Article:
Dr. Altha Stewart Makes History As First African American To Head American Psychiatric Association

 

The American Psychiatric Association (APA) has never had an African American president in its 173-year-history, but Dr. Altha Stewart just changed that with her recent election to the position. Stewart will now lead its 37,000 members in setting and establishing national and international policies and practice guidelines in the field of psychiatry. Stewart will also be the fourth consecutive woman to serve as the organization's president. 

In addition to being the chief of the Social and Community Psychiatry at the University of Tennessee Health Center, Stewart has also used her platform to advocate for juvenile justice, led the Association of Women Psychiatrists and the Black Psychiatrists of America as its president, and has been nationally recognized as an expert in public sector and minority issues in mental health care.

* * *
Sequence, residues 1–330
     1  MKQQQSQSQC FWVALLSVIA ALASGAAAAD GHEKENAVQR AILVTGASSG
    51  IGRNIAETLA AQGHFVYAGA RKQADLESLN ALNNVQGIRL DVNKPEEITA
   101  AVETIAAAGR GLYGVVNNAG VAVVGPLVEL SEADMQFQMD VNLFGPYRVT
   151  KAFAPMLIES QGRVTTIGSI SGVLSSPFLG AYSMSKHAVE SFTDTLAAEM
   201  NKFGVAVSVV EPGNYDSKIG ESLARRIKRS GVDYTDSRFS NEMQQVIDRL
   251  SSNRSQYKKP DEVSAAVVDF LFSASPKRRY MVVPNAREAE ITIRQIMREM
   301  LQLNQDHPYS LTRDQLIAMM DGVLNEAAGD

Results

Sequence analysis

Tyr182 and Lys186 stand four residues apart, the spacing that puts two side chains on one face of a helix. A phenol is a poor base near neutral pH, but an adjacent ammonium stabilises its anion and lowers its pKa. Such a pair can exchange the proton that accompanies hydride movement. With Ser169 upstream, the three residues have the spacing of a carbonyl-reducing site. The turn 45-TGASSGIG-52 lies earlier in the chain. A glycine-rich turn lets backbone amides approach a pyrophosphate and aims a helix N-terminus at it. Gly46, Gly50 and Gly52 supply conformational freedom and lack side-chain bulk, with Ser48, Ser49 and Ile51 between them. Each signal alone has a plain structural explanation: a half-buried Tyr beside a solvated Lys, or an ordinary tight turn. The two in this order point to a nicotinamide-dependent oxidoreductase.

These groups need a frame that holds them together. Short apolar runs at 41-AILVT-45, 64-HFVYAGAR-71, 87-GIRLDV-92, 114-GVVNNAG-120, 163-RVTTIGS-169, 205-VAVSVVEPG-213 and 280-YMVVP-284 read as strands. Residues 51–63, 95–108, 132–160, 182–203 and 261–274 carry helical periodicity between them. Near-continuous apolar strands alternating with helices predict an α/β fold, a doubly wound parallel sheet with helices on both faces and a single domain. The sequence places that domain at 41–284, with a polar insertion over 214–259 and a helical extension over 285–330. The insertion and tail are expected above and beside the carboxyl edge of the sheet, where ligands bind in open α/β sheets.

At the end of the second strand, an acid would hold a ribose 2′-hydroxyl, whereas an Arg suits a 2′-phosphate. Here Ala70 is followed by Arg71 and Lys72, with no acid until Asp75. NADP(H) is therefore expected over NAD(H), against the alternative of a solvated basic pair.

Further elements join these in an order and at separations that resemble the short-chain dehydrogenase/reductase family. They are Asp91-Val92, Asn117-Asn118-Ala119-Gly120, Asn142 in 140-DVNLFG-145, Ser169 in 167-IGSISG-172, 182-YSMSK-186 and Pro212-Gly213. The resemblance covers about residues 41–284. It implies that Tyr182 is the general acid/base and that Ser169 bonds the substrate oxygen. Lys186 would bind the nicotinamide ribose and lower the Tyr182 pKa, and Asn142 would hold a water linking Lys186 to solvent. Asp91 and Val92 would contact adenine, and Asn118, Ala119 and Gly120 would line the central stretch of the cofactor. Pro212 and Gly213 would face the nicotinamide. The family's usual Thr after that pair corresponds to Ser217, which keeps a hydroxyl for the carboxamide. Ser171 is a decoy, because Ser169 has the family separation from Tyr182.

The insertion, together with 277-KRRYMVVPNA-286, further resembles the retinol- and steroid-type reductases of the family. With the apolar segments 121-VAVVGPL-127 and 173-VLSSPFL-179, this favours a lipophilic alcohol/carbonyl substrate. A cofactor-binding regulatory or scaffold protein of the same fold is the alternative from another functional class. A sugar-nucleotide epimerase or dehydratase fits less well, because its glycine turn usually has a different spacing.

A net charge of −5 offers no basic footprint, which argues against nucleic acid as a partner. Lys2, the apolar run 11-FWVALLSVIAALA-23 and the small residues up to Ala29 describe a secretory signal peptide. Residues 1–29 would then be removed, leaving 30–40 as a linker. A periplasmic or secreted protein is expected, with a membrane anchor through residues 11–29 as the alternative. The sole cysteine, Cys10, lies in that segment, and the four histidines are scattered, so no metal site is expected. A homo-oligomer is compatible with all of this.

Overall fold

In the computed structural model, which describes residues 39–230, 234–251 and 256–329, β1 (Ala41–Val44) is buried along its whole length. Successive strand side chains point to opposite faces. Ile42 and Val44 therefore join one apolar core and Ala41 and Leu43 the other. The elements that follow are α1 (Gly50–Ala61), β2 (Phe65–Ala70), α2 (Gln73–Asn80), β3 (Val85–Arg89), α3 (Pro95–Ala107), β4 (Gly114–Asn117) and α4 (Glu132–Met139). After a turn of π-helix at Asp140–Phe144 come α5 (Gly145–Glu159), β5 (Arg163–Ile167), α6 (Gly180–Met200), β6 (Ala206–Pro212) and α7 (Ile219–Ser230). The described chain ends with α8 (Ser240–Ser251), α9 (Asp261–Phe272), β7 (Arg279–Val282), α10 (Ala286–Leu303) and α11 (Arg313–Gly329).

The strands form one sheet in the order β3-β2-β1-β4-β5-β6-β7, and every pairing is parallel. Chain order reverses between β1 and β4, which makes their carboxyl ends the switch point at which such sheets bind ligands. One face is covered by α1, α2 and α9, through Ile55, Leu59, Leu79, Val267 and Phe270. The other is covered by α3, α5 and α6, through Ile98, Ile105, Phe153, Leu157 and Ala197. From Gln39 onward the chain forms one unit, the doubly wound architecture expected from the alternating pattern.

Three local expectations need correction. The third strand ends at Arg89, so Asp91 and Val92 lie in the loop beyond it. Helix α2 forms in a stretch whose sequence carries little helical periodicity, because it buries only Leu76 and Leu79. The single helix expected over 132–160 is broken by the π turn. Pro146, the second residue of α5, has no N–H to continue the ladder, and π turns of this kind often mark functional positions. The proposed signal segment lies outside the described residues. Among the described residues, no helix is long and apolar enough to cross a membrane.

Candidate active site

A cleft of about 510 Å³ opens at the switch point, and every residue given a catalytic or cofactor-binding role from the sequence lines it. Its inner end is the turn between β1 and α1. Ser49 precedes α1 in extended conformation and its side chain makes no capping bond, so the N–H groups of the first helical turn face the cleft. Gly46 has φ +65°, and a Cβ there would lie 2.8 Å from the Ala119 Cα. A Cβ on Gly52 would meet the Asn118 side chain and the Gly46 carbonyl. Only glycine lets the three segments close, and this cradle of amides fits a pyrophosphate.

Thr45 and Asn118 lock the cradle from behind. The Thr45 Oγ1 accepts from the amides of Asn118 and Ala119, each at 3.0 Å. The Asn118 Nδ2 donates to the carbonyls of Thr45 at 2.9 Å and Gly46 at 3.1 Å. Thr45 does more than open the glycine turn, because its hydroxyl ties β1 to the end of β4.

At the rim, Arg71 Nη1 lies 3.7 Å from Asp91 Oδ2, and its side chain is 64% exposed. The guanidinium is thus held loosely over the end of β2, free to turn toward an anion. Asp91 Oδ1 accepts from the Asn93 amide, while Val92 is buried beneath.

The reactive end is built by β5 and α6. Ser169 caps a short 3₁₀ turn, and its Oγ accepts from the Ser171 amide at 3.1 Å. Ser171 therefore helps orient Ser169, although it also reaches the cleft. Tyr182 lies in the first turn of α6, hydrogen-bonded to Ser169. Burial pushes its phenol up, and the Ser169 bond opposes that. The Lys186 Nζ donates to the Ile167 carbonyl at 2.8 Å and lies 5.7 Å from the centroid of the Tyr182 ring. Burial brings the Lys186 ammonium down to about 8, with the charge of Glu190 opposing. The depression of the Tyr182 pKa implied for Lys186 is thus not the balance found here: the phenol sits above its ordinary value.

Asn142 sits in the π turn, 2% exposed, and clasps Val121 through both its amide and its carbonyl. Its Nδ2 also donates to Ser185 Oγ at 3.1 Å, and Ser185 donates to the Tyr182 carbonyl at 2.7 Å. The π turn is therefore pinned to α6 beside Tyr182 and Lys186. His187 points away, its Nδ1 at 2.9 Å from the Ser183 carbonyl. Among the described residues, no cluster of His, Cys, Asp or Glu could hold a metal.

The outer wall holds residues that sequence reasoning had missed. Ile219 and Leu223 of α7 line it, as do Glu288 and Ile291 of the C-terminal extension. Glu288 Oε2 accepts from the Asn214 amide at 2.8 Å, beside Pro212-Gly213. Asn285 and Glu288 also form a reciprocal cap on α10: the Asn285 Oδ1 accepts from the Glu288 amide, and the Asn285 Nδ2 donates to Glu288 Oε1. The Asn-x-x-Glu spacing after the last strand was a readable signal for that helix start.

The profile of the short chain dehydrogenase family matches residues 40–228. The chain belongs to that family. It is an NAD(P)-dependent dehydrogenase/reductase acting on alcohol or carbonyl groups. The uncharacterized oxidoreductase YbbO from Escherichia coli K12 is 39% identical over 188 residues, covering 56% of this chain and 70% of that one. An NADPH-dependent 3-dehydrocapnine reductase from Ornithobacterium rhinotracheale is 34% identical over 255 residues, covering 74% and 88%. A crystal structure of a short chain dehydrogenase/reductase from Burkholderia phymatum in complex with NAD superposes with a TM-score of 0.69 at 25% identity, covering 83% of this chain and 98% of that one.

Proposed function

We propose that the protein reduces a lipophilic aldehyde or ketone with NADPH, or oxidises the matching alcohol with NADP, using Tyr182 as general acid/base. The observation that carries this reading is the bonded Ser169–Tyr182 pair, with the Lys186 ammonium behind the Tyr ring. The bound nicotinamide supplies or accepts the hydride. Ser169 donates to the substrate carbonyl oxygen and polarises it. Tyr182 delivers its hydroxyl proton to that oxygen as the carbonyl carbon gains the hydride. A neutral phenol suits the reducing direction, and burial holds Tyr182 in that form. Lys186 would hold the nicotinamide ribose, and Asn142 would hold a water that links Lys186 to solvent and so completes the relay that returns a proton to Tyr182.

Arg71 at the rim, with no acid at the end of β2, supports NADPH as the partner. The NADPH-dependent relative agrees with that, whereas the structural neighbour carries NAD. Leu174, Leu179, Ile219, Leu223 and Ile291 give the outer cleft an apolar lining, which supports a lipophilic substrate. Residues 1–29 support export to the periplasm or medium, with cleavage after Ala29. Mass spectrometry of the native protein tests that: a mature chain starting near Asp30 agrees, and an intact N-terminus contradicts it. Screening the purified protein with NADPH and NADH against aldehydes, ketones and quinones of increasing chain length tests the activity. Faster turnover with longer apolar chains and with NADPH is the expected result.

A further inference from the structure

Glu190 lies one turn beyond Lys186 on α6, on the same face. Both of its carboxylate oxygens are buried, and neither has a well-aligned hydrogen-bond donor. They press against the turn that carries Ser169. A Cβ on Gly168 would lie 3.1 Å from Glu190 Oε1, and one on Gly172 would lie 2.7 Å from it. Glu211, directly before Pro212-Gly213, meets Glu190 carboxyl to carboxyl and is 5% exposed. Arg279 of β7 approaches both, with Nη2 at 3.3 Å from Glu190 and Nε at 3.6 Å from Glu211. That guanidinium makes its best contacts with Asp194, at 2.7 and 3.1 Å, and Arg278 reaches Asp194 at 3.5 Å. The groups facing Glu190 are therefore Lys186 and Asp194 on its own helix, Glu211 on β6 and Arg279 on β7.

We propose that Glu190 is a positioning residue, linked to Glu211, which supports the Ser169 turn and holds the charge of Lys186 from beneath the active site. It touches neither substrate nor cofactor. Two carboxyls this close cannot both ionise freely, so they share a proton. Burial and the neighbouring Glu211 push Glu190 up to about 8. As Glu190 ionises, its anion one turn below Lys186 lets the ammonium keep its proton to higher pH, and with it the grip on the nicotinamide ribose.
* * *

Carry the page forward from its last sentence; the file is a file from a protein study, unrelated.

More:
Stewart, whose been a member of the APA for 30 years, will assume the role of president-elect in May and then president in May 2018. She said of her new position: "My role will be standing at the intersection of race and gender in a national organization. It's a unique position. ... It's an honor. I'm humbled and I'm happy to serve."

Congratulations, Dr. Stewart! Thank you for blazing your own trail and being an inspiration to present and future psychiatrists. 


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